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The biggest All-Star snubs? It starts with Kaman, the other Gasol

When Knicks coach Mike D'Antonio faced the media before Thursday night's game against Toronto, he wasn't asked the usual questions. He wasn't quizzed about what it would take to stop Chris Bosh. He wasn't peppered with queries about Nate Robinson or EddyCurry's health. And he wasn't asked about the prickly Larry Hughes.

No, on Thursday the only player anyone wanted to talk about was David Lee. Specifically why Lee, the Knicks' energetic power forward, was left off the Eastern Conference All-Star roster.

So, Mike, do you think David deserved to be an All-Star?

Hey Mike, why do you think David wasn't selected as an All-Star?

Uh, Mike, what does David have to do to become an All-Star?

D'Antoni, undoubtedly, won't be the only coach asked these questions over the next week. Because for every smiling All-Star there is an equally annoyed snub. Let's take a look at a few who have a right to be upset.

Chris Kaman, L.A. ClippersStats: 20.2 points, 9.1 rebounds, 50.1 FG percentage

The Clippers have been far from world-beaters -- L.A.'s 20-25 record has it a distant 12th in the Western Conference -- but imagine where they would be without Kaman, who assumed the role of primary post scorer when Zach Randolph was traded and rookie Blake Griffin hurt his knee in the preseason. Kaman will never be Dwight Howard; he may never be as good as his frontcourt mate Marcus Camby was in his prime. But to omit him for Pau Gasol, who has played only 29 games this season (compared to Kaman's 41) is a pretty significant slight.

Marc Gasol, MemphisStats: 15.3 points, 9.8 rebounds, 60.4 FG percentage

Randolph -- deservedly -- gets a lot of credit for Memphis' turnaround. But Gasol, who dropped 10 percent of his body fat in the offseason, is the most intimidating force on the Grizzlies' front line. He leads the team in plus/minus and is swatting away 1.6 shots per game. It would have been difficult for coaches to vote for two Grizzlies players and one Laker, but in this case, the coaches selected the wrong Gasol.

David Lee, New YorkStats: 19.4 points, 11.4 rebounds, 55.4 FG percentage

Swap New York's record with Charlotte's and Lee probably gets in. But the Knicks' 1-9 start (not to mention last Sunday's 50-point blowout loss to Dallas) probably stuck in the minds of a few coaches. Still, there is no question Lee is deserving. His numbers are better than GeraldWallace's and his field goal percentage is at a three-year high, noteworthy considering Lee has relied more on his jump shot this season than ever before.

Josh Smith, AtlantaStats: 15.1 points, 8.5 rebounds, 2.2 blocks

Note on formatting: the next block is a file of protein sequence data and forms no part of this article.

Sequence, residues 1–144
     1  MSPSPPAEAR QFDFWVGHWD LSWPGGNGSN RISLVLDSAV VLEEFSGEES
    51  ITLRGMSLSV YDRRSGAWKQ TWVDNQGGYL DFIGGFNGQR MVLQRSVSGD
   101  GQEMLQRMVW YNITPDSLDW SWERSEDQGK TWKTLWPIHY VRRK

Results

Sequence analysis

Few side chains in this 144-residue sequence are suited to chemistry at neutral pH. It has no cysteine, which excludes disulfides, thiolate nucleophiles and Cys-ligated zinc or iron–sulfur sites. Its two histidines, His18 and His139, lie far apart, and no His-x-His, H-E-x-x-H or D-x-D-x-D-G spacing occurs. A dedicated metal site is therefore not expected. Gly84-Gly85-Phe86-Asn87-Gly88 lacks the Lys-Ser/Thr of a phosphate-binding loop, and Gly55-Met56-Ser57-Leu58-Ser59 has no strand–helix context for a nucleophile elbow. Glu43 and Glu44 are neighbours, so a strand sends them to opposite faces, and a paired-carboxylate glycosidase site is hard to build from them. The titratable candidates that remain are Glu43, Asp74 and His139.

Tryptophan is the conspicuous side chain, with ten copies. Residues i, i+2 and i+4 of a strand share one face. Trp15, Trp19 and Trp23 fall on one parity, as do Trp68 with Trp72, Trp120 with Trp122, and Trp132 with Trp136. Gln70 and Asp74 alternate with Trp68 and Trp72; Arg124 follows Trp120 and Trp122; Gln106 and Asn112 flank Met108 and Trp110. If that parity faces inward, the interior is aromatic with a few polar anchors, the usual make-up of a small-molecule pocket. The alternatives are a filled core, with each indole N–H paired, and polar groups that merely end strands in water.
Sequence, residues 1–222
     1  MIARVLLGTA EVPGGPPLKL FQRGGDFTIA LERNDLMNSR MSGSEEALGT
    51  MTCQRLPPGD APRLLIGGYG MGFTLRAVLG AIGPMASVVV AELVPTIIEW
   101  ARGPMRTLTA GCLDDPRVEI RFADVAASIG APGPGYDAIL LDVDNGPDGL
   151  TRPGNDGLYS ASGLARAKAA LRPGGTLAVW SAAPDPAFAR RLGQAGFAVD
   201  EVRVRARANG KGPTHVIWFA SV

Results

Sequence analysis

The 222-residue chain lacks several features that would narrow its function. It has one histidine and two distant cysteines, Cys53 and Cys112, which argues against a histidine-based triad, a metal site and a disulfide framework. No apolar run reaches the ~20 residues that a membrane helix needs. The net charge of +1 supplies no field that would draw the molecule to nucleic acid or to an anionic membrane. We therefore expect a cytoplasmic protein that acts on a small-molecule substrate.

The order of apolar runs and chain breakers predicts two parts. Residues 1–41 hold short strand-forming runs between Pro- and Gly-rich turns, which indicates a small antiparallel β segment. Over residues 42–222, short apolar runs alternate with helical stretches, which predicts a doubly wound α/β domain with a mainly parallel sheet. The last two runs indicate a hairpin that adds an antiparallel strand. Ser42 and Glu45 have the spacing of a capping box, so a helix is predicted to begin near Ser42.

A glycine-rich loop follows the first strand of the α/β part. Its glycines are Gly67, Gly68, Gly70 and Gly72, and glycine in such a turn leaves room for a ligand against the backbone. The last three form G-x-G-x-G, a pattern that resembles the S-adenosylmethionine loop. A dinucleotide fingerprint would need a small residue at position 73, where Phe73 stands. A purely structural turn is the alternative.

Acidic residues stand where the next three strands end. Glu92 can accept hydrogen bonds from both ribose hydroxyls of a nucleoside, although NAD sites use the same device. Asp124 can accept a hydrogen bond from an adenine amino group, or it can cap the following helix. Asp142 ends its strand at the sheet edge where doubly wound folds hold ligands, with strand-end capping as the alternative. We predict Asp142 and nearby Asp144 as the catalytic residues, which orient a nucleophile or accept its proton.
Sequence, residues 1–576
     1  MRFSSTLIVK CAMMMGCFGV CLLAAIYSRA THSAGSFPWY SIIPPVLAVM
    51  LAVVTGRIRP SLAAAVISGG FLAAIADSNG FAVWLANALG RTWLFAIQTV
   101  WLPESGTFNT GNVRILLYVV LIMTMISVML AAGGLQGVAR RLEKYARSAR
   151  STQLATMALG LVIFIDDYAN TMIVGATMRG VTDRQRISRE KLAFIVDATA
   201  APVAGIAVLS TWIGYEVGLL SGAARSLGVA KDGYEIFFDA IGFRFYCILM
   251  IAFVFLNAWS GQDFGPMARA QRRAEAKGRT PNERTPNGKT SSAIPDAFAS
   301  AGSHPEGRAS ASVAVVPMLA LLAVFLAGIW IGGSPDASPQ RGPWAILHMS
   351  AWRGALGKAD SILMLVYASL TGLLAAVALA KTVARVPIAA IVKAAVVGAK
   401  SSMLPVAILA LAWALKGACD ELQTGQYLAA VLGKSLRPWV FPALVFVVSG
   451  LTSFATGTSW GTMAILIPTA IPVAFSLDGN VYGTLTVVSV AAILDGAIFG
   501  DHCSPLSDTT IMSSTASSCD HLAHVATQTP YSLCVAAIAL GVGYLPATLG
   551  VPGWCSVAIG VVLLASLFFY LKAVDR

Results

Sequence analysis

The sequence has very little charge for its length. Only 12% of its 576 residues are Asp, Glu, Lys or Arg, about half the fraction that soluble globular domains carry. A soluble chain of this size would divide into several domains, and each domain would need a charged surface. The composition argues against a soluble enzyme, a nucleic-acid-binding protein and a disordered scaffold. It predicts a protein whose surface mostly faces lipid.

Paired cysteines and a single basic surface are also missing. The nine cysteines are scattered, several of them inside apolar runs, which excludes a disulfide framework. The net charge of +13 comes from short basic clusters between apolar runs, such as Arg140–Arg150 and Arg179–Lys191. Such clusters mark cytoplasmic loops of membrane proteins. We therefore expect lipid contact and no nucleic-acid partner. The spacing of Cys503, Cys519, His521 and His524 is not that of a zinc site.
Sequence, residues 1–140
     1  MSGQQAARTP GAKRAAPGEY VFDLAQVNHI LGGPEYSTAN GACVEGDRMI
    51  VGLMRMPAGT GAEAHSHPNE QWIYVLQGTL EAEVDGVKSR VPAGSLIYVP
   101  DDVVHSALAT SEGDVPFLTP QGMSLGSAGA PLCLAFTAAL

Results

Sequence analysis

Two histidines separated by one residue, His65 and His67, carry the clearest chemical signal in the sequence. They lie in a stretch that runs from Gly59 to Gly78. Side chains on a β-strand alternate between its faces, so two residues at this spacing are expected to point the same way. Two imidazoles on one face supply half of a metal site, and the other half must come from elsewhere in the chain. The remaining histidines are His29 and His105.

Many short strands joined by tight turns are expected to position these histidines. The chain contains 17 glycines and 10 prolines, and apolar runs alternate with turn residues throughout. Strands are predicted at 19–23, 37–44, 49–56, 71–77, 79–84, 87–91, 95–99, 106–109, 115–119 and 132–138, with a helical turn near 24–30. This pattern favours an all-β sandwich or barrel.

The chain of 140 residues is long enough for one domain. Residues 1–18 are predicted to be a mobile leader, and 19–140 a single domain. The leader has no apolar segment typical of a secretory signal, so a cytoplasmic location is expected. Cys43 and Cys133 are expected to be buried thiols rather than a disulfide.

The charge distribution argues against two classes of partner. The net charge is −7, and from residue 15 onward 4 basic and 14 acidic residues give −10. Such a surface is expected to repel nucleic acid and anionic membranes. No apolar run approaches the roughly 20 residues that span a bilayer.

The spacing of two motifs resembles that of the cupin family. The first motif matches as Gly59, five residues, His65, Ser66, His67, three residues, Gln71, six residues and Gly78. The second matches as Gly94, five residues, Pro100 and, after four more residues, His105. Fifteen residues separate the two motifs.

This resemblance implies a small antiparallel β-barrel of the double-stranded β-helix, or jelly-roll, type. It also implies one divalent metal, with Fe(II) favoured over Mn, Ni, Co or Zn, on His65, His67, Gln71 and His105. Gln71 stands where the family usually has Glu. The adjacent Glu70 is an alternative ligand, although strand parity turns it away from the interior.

Of all of Smith's numbers, his case for All-Star selection can be made with one: three, as in number of three-point attempts Smith has attempted this season. His more controlled play has been a key reason why the Hawks look more dangerous than ever, and his Camby-like defense has opponents looking over their shoulders every time they drive the paint. Is Smith having a better season than Wallace or Paul Pierce? It's debatable.

Andrew Bogut, MilwaukeeStats: 15.9 points, 10.2 rebounds, 2.1 blocks

It's worth noting at this point that none of the All-Star reserves came from teams with losing records. Milwaukee isn't a playoff team, but its 19-25 record is competitive enough that Bogut has an argument that he is a more worthy candidate than Al Horford. Bogut's numbers are better and he is the biggest reason the Bucks have withstood MichaelRedd's season-ending knee injury and BrandonJennings' shooting struggles to remain in contention for a playoff spot.

Joakim Noah, ChicagoStats: 11.3 points, 12.1 rebounds, 1.7 blocks

The argument for Noah is the same as Bogut's: Where would the Bulls be without him? Noah's intensity on the floor -- you won't see him take too many plays off -- and outstanding rebounding (he's third in the NBA in offensive boards) make him the heart and soul of a Bulls team that occasionally looks devoid of both. Again, team records likely came into play when coaches were ranking backup centers.

Andrew Bynum, L.A. LakersStats: 15.8 points, 8.4 rebounds, 57.2 FG percentage

Think Bynum looks across the Lakers' locker room and wonders how voters can think Pau Gasol has had a more productive season than he has? I do. While Gasol has been in and out of the lineup with injuries, Bynum has been a rock. He is averaging career highs in points (15.8) and rebounds (8.4), he is shooting 57.2 percent from the field and he ranks in the top 15 in the league in total blocks (70).

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